gives the naked application, that "the kingdom of God should be taken
from them, and given to a nation bringing forth the fruits
thereof"—the great evangelical community of the faithful, chiefly
God forbid—His whole meaning now
bursting upon them.
17-19. written—(in Ps 118:22, 23. See on Lu
19:38). The Kingdom of God is here a Temple, in the erection of
which a certain stone, rejected as unsuitable by the spiritual
builders, is, by the great Lord of the House, made the keystone of the
whole. On that Stone the builders were now "falling" and being "broken"
8:15), "sustaining great
spiritual hurt; but soon that Stone should fall upon them and
grind them to powder" (Da 2:34, 35; Zec 12:3)—in their corporate
capacity in the tremendous destruction of Jerusalem, but
personally, as unbelievers, in a more awful sense still.
19. the same hour—hardly able to
restrain their rage.
Lu 20:20-40. Entangling
Questions about Tribute and the Resurrection—The Replies.
20-26. sent forth—after consulting
22:15) on the best plan.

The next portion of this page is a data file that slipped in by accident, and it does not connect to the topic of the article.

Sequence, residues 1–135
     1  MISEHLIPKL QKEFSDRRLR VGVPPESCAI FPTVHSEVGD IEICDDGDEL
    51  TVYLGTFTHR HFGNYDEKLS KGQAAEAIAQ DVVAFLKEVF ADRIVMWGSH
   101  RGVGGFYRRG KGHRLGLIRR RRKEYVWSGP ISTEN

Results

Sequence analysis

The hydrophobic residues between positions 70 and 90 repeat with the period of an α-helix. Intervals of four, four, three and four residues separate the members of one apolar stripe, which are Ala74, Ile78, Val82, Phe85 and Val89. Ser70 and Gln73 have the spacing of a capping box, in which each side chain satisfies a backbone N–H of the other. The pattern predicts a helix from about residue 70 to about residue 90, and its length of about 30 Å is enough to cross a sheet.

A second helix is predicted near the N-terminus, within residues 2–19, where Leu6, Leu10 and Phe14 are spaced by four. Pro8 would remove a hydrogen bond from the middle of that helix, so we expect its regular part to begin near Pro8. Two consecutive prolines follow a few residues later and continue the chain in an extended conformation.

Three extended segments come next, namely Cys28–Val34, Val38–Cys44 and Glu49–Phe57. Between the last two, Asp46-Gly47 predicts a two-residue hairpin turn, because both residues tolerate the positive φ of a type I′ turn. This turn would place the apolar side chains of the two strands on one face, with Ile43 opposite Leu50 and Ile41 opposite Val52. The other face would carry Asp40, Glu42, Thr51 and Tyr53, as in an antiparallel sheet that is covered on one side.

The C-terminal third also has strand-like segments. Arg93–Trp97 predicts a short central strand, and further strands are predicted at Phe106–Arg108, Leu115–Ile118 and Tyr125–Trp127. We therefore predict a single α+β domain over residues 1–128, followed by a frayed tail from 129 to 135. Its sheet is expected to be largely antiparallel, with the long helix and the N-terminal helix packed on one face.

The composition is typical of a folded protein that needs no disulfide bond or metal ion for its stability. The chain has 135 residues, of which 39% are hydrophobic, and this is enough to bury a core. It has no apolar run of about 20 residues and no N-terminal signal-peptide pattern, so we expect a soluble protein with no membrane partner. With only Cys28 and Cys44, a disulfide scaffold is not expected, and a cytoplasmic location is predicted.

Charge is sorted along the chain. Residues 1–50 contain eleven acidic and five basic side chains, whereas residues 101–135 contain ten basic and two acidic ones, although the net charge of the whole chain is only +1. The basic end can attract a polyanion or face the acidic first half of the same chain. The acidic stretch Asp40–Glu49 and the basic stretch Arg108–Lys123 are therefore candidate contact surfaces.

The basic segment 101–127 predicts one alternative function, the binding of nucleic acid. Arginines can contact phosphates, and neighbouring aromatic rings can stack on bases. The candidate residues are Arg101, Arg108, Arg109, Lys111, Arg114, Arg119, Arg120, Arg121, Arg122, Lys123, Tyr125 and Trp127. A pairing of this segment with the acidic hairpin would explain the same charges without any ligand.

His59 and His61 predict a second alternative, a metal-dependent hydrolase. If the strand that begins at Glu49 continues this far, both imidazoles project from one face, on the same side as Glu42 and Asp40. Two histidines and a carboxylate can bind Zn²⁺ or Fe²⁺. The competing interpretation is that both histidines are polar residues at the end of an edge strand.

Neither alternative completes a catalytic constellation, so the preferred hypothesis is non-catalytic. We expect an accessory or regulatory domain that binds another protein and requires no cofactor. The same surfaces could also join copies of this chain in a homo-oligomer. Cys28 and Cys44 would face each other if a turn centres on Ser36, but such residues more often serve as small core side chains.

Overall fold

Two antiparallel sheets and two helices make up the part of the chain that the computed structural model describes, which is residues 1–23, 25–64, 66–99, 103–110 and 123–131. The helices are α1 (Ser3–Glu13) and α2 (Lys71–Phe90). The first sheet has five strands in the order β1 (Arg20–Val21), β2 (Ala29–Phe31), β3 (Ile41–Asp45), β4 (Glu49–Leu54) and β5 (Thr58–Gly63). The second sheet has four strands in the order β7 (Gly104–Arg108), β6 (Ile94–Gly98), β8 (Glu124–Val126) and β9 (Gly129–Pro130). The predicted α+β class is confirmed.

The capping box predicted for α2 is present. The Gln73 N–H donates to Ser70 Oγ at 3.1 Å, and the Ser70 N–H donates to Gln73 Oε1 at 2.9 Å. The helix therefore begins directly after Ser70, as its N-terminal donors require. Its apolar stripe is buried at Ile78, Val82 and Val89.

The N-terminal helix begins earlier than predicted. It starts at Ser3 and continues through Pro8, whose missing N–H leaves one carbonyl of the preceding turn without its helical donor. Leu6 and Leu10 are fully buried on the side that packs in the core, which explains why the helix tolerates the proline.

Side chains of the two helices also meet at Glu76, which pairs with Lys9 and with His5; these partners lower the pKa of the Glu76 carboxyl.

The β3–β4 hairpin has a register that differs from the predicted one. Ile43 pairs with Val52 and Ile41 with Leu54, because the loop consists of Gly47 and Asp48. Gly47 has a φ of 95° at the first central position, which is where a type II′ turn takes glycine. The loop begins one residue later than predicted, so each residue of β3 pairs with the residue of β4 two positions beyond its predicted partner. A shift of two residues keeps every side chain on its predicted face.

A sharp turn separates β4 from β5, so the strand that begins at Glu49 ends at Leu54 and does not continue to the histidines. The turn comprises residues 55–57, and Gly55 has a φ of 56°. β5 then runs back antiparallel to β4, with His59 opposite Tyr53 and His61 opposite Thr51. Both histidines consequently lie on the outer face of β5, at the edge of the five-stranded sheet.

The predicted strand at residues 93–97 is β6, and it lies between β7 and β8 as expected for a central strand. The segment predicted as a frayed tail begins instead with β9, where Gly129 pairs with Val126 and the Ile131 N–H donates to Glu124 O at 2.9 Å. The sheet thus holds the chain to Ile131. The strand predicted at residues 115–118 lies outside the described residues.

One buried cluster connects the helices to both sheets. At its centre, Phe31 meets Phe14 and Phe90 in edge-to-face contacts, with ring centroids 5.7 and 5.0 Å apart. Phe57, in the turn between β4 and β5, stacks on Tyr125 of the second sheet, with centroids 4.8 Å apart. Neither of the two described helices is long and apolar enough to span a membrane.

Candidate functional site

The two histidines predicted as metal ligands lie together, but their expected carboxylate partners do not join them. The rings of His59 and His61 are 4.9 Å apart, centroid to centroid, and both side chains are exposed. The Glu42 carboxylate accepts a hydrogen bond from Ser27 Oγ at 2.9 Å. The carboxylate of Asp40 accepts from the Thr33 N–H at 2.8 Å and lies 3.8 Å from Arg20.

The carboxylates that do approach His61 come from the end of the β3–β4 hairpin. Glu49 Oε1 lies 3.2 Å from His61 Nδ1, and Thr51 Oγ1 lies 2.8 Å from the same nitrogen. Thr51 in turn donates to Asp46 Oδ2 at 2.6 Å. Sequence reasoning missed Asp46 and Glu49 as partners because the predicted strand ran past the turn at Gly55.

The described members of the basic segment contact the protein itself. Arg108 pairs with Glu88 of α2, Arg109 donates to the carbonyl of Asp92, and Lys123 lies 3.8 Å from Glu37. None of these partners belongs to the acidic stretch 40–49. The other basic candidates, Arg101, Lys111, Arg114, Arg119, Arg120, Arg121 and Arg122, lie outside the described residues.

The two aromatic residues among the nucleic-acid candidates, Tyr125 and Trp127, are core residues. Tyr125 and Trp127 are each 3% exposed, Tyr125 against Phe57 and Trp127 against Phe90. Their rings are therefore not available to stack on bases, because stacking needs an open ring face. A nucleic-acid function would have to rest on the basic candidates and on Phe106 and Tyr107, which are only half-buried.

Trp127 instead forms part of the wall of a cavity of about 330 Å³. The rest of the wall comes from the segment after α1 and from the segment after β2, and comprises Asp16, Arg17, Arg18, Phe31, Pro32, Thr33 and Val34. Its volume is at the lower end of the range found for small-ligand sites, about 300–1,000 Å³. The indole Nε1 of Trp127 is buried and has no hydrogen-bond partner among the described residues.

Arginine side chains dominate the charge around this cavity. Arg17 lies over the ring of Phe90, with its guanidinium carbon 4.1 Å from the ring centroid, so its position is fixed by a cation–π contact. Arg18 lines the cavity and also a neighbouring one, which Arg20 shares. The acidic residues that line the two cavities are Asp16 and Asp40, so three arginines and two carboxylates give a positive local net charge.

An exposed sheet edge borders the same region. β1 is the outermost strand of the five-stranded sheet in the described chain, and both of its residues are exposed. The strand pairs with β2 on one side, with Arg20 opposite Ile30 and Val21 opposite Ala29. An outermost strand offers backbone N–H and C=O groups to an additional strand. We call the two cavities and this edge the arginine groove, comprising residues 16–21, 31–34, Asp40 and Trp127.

spies—"of the Pharisees and Herodians"
12:13). See Mr 3:6.
21. we know, &c.—hoping by flattery
to throw Him off His guard.
22. tribute—(See on Mt 17:24).
25. things which be Cæsar's—Putting
it in this general form, it was impossible for sedition itself to
dispute it, and yet it dissolved the snare.
and unto God—How much there is in this
profound but to them startling addition to the maxim, and how
incomparable is the whole for fulness, brevity, clearness, weight!
27-34. no resurrection—"nor angel nor
materialists of the day.
34. said unto them—In Mt 22:29, the reply begins with this important
statement:—"Ye do err, not knowing the Scriptures," regarding the
future state, "nor the power of God," before which a thousand such
difficulties vanish (also Mr 12:24).
36. neither … die any
more—Marriage is ordained to perpetuate the human family; but
as there will be no breaches by death in the future state, this
ordinance will cease.
unto the angels—that is, in the